Harmless Error at the Federal CircuitFebruary 28, 2010

A recent decision by the Court of Appeals for the Federal Circuit addressed the issue of how much deference should be given to a decision by the Board of Patent Appeals and Interferences when the Board makes an error in ascertaining the teachings of references.

The appeal concerns the status of U.S. Patent Application number 09/719,045 which had been rejected as either anticipated by or obvious under one or two references cited by the examiner at the U.S. Patent and Trademark Office. The technology of the appeal concerns "divalent antibody fragments," which are pieces of an antibody which are used for their advantages over full antibodies in certain diagnostic and theraputic uses. The prior art had described some elements of the claimed invention, but the Board made several factual findings during the appeal that were later determined to be false.

In its decision, the CAFC noted that the USPTO is subject to the Administrative Procedures Act, the caselaw from this act requires that the decisions of an administrative proceeding can only be reversed for error if the error is not deemed to be "harmless." The burden of establishing that the error was not harmless rests with the party attacking the decision of the agency. In reviewing the art and the decisions made by the Board, the CAFC determined that the errors made were not harmless, and therefore remand was necessary. The CAFC did not address the applicant's arguments that the claimed invention was nonobvious.

As previously described, the present application involves divalent antibody fragments. These are produced by digesting antibodies using specific enzymes, in this case pepsin, to create antibody fragments. Antibodies are generally Y-shaped with two "arms," each arm formed by one heavy and one light "chain." The chains are linked at the base of the arm by a disulphide bridge (formed by a covalent bond between two sulphur atoms) and at their other end bind to antigens on specific foreign bodies. The two arms are joined to the stem and one another by another disulphide bridge. The pepsin enzyme acts to remove the stem of the antibody, leaving the two arms joined together in a dumbell shape.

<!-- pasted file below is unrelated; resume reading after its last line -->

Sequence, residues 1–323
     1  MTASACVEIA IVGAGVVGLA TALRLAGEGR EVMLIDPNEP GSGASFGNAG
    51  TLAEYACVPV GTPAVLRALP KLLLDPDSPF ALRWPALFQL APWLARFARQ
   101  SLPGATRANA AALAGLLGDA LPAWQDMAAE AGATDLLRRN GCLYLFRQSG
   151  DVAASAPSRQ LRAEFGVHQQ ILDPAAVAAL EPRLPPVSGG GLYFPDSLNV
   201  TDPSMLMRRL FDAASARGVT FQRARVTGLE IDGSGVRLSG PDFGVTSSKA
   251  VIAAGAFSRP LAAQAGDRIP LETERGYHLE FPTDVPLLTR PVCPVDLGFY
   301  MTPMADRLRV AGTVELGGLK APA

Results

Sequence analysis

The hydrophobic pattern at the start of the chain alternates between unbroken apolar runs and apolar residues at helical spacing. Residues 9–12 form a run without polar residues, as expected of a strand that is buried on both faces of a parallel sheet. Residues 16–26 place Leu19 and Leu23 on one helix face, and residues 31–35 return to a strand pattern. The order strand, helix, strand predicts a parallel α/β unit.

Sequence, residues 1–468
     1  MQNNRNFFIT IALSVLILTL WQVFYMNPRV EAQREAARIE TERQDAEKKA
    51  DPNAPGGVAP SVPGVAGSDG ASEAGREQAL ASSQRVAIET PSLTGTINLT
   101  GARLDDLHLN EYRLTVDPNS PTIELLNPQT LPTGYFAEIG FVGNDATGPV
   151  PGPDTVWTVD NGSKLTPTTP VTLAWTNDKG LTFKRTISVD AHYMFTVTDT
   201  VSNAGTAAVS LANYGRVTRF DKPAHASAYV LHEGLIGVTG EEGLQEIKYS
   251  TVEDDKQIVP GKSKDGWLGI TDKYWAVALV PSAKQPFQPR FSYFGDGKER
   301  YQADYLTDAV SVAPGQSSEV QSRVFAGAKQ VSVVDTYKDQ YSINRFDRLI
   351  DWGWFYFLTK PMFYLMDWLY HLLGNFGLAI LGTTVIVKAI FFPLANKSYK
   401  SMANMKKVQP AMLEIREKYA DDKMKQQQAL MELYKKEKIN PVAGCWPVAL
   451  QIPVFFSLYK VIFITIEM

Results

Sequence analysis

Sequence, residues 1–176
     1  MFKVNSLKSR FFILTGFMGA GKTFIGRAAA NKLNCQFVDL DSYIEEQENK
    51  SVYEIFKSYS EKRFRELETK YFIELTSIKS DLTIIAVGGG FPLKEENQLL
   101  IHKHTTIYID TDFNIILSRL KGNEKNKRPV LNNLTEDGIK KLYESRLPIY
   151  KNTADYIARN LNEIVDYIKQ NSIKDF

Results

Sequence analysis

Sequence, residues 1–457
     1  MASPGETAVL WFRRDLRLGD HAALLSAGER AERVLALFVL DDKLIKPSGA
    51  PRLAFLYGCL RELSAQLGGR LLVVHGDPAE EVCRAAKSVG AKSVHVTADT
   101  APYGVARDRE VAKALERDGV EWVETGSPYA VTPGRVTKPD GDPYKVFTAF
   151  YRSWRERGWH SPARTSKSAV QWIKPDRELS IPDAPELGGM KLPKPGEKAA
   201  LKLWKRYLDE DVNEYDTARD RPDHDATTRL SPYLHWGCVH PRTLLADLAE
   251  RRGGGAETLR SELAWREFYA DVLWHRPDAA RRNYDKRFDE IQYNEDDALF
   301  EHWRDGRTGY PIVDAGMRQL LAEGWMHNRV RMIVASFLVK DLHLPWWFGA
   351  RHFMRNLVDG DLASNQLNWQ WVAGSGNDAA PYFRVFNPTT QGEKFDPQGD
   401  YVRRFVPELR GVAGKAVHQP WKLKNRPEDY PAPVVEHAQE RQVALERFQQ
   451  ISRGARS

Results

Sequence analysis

The inventors, Andrew P. Chapman and David J. King (together "Chapman"), in their application teach removing the stem from the antibody, removing the light chains from each of the resulting arms, and coupling two heavy chains through the use of an "interchain bridge" rather than the disulphide bridge. This interchain bridge is accomplished through a polymer molecule attached to the heavy chains. The polymer also increases the "circulating half life" of the resulting antibody fragment.

The examiner cited two references against Chapman's application, Gonzalez (U.S. Patent No. 6,025,158) and Barbanti (U.S. Patent No. 5,436,154). The examiner rejected claim 1, either anticipated by or, in the alternative, obvious over Gonzalez. During the appeal to the Board, the examiner made, and the Board adopted, a number of factual findings regarding the scope of Gonzales. It was acknowledged by the government on appeal to the CAFC that these factual findings were incorrect.

On appeal, Chapman argued for reversal based on Gonzales teaching away from his invention and the invention being non-obvious as a matter of law. The court found that as a factual matter, Gonzalez does not teach away from the Chapman invention, and that the question of obviousness should be determined on remand to the Board when it considers the question of obviousness without the incorrect factual findings of the examiner.

The court's decision therefore was centered on whether the error in the three factual findings was harmless, under the Administrative Procedures Act. On the first error, the court noted that the board did not rely on the information stated in the first factual finding, and therefore the error could be considered harmless. The second and third errors were used, in part, by the Board to support its finding of obviousness. Had the errors not been made, then the question of obviousness may have been made differently, and therefore the error was not harmless. In order for error to be harmless, the court must be able to "say with confidence that the Board would have reached the same conclusion in the absense of these errors." Slip Op. at 16 (citing Kotteakos v. United States 328 U.S. 750, 765 (1946)). However, on remand, the board only needs to review its finding of obviousness with respect to the correct interpretation of Gonzalez.

The case of In re Chapman is available here.

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